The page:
New Year, new gym membership – it’s a well-known phenomenon! In fact, research revealed that 12 per cent of all new gym sign ups happen in January, which is a welcome boost for gyms and leisure centres. However, four per cent of these new members quit before the end of January, 14 per cent by the end of February and 50 per cent within six months, says Claire Rollins, CEO at UK leading cloud-based leisure management company Gladstone.
Improving these statistics is crucial both for the industry, but also for the wider population’s health. Physical inactivity is associated with 1 in 6 deaths in the UK. This is trending downwards too. Our population is around 20 per cent less active than in the 1960s and if current trends continue, it will be 35 per cent less active by 2030.
What, then, can be done to transform the January boom and bust into longer term retained growth for both the leisure sector, but also for the nation’s health? I believe a key pillar of this has to be an effective digital strategy.
This can facilitate a smoother and more supportive customer experience, increasing retention. There are many different aspects to this, which I will outline below:
Help members craft realistic, achievable goals
One of the main reasons that new gym members quit after January is that they have unrealistic expectations about the speed of their progress. Often coming in, expecting to drop a few belt loops within weeks, they become disheartened and stop attending when this doesn’t happen.
In order to mitigate this, it is essential to work with new members to set realistic goals centred around wellness and the wider benefits of an active lifestyle, and to then continue to check in with them. Think visit frequency, the formation of a habit and variety of workout vs. weight loss and inches. It can be a challenge for staff to keep tabs on every member’s goals, which is where an effective digital strategy comes into play.
Capturing customer goals and storing them on their member profile means they can be automatically displayed to employees on entry, enabling them to welcome members and check in on progress, even where they don’t recognise the person. Automated digital communications also play a powerful part here, particularly in creating habits. A ‘Hey, we missed you last week!’ or ‘Yay you tried a spin class! How was it?’ email or SMS goes a long way with members looking to establish a routine of activity and requires no staff intervention once configured.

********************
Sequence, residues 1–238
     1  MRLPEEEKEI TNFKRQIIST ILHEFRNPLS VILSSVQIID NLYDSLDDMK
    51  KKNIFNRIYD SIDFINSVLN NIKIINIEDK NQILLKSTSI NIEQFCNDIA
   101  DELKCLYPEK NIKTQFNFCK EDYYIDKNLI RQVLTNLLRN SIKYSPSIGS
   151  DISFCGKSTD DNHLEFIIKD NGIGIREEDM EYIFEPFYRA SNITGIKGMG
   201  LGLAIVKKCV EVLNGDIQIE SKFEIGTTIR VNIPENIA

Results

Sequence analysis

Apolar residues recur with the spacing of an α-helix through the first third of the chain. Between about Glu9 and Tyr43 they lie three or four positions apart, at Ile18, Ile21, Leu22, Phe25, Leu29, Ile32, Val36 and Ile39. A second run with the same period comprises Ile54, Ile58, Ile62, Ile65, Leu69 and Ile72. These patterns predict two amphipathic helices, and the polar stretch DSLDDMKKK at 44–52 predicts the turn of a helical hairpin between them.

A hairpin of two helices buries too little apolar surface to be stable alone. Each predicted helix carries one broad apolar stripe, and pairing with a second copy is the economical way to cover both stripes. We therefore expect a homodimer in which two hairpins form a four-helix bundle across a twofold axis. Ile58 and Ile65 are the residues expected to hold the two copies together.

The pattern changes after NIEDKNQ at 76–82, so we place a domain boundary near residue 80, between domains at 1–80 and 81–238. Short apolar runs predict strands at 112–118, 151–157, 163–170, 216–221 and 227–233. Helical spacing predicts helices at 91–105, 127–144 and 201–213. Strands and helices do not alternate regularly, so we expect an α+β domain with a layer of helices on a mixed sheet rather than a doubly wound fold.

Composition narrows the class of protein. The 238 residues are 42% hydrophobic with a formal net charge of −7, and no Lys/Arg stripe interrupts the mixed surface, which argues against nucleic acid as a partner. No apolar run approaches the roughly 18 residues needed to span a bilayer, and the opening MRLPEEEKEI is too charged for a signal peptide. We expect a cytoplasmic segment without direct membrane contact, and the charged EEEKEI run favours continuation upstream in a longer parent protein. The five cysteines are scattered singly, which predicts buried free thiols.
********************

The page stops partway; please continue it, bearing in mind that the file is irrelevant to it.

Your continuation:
Similarly, ‘gamification’, nudging techniques, celebrating successes and encouraging habit forming behaviour are powerful tools that can make all the difference to those members taking their first steps into building a long term, active lifestyle.
This continued checking in, and knowledge of each person, builds a sense of habit and accountability and encourages the recognition of progress, helping to retain members in the long term.
Giving that personal touch
There are many different ways to exercise, and everyone is unique in what they want to achieve from their membership. This is where staff having a personal relationship with members is so crucial.
Freeing up your team from working behind a desk enhances their ability to provide a great service to your members, and with a tablet enabled management system this shouldn’t limit the transactions they can complete.
This allows front of house teams to offer a concierge service, where they can better facilitate access (and subsequently reduce queuing), respond to queries and proactively advise on new classes/activities which keep the member experience relevant and engaged.
This is something that consumers are calling out for too – our research shows 87 per cent of members want to hear from club staff when in the gym. Leading members on their journey towards finding the right exercise for them is essential to long term retention.
Utilise the data
Data is integral to any business and represents a huge opportunity to sport and leisure providers.
Cloud based technology provides an enhanced opportunity for our data science team to use multiple data points to analyse a vast range of information that can help operators to identify the causes of member churn, so they can create informed, relevant strategies to aid retention.
A cloud-based system also makes it much easier to view, interpret and understand data. Simple, user-friendly analytics enables all team members to make use of visual data identifying trends in attendance. It removes barriers for less tech-savvy employees to provide an accurate picture of customer engagement and journeys through a centre.
As can be seen, January doesn’t have to be simply a spike in membership to drop off over the remainder of the year. The key to improving retention is ensuring you have a customer-centric approach, and I believe an effective digital strategy is crucial to delivering on this.
Author note: Claire Rollins, CEO at UK leading cloud-based leisure management company Gladstone